Cameron University will join colleges and universities across the nation to celebrate Constitution Day on Monday, September 18, with "The Fifth Amendment: Then and Now.” Kyle Cabelka, district attorney for Comanche and Cotton counties, will address the historical origins of the Fifth Amendment to the United States Constitution, the individual liberties it protects, and the ways judicial interpretation of those rights has evolved over time. The presentation takes place at 2 p.m. in the Shepler Ballroom, located on the mezzanine level of the Shepler Center.
Enacted in 1791 as part of the Bill of Rights, the Fifth Amendment provides several protections for people accused of crimes. It guarantees the right to a grand jury, ensures that a person cannot be tried twice for the same offense and protects against self-incrimination. Additionally, it ensures that people cannot be imprisoned without due process of law and requires the government to compensate citizens when it takes private property for public use.
A 2007 CU graduate, Cabelka was appointed as the district attorney for District 5, which covers Comanche and Cotton counties, by Gov. Kevin Stitt in 2021. He has worked in this district attorney’s office since he was in law school at Oklahoma City University. He began interning as a licensed legal intern in Comanche and Cotton counties in May 2011. After receiving his Juris Doctorate in 2013, he continued his career there as an assistant district attorney through 2016 when he was promoted to serve as first assistant.
As first assistant district attorney, Cabelka prosecuted felony and misdemeanor crimes and advised elected officials in Comanche and Cotton counties on legal matters related to their offices. He led Comanche County’s Multi-Disciplinary Team, formed under state statute, to protect children from abuse, and organized and participated in diversion programs covering mental health and drug court, among other areas. He was also responsible for providing training on legal updates for local law enforcement, coordinated case prosecution with victims, and handled out-of-county conflict cases as assigned by the attorney general’s office.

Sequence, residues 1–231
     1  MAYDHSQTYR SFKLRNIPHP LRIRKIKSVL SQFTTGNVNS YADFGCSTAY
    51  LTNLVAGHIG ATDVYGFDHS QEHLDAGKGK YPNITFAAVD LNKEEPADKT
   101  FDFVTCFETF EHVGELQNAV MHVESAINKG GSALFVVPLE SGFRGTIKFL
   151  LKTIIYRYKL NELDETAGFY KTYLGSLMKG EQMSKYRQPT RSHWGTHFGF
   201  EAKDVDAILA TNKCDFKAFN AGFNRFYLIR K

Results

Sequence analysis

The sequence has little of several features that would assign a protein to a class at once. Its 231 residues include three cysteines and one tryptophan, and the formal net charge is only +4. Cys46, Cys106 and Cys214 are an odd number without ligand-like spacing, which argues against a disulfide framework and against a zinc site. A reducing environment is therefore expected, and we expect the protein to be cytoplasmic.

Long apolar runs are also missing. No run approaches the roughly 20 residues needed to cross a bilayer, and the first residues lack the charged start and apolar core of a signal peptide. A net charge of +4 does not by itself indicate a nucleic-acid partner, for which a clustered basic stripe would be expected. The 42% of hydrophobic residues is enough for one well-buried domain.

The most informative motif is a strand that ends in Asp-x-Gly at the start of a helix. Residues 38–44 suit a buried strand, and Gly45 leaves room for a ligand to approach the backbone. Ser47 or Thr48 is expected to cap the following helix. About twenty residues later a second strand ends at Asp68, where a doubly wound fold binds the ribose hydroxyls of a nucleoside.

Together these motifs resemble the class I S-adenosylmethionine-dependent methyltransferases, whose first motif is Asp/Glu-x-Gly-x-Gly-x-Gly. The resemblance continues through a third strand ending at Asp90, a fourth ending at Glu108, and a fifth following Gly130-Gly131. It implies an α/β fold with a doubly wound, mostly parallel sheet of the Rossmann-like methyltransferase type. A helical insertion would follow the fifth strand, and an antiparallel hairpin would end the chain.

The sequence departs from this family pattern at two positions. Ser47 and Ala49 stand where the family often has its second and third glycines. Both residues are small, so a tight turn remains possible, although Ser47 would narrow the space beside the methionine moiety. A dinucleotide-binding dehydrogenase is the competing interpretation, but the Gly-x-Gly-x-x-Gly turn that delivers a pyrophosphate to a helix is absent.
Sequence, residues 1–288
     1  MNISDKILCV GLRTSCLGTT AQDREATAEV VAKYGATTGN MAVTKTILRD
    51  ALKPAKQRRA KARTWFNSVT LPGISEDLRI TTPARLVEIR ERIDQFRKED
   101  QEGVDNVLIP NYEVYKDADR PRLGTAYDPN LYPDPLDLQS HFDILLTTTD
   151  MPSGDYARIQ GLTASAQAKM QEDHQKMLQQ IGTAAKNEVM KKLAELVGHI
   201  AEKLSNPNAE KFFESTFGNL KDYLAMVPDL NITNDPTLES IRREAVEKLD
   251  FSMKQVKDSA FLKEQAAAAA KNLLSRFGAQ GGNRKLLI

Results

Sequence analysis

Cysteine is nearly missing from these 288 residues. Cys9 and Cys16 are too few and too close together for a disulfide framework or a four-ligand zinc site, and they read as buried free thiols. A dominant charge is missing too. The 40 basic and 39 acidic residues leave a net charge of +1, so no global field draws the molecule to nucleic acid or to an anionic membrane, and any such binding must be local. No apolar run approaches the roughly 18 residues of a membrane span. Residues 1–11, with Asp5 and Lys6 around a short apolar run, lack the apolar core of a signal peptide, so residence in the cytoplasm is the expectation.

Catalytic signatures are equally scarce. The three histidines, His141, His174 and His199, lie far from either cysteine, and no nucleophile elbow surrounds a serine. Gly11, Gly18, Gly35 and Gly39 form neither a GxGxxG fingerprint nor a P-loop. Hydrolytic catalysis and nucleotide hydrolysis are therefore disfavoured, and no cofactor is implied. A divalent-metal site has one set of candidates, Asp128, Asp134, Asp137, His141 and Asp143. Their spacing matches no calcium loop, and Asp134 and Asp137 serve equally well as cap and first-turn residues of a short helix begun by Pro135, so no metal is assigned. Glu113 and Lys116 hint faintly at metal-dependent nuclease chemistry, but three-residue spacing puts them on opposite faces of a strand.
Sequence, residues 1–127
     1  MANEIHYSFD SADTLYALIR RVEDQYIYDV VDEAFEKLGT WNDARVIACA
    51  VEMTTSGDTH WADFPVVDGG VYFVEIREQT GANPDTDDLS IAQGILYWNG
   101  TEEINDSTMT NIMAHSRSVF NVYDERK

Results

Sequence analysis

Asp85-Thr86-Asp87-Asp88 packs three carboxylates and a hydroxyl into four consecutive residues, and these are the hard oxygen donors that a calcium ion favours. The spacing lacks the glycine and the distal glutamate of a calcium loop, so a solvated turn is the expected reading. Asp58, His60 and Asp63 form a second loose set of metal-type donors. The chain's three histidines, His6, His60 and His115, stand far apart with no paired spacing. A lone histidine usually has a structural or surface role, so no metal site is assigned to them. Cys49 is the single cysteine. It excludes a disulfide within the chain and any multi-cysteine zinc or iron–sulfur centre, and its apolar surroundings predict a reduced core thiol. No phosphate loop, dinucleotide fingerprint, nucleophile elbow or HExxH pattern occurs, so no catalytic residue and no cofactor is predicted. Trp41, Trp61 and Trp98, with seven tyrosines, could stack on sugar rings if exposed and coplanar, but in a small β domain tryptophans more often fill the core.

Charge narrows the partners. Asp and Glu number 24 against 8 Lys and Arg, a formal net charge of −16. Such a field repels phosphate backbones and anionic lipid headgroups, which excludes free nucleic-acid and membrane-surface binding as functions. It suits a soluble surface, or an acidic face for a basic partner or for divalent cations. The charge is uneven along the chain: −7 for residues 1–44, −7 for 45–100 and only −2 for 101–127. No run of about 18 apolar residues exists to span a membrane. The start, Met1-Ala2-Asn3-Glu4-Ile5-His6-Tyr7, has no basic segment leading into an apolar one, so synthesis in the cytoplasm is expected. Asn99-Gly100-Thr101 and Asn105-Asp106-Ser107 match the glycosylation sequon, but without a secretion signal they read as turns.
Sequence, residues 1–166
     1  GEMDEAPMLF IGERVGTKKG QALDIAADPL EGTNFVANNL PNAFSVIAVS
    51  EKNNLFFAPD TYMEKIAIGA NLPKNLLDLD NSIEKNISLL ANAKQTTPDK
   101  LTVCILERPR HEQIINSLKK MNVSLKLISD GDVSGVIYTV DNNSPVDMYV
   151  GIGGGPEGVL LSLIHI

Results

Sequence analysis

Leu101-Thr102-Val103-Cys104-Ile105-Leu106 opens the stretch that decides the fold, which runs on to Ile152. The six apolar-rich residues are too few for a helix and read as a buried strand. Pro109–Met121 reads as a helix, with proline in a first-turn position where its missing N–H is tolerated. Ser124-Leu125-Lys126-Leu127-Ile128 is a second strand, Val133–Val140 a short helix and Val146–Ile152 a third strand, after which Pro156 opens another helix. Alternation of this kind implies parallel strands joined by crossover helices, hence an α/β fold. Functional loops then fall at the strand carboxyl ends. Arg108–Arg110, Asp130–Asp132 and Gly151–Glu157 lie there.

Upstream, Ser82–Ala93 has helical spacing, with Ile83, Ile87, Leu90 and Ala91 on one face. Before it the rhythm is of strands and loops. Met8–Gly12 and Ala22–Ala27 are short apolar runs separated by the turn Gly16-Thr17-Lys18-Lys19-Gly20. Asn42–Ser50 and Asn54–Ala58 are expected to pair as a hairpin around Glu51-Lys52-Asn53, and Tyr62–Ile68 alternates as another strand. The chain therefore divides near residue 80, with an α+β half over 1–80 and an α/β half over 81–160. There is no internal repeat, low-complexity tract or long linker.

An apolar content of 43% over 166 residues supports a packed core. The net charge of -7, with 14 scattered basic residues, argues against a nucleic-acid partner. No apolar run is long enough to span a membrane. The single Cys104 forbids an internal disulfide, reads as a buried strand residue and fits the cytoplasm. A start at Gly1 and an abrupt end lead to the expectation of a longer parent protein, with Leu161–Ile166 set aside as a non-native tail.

In September 1782, America’s founding fathers signed the most influential document in the nation’s history: the U.S. Constitution. Educational institutions commemorate the 1788 ratification of the Constitution annually on Constitution Day, a federal observance that encourages all Americans to consider the enduring legacy of the Constitution in their everyday life. The annual observance recognizes the success of a nation of free people whose rights and liberties are protected by a written Constitution.
Cameron’s observance of Constitution Day is made possible by funding from the Dr. William L. and Barbara Scearce Endowed Lectureship in Political Science and is sponsored by the CU School of Graduate and Professional Studies, the Department of Social Sciences and the Lawton Chapter of the Daughters of the American Revolution.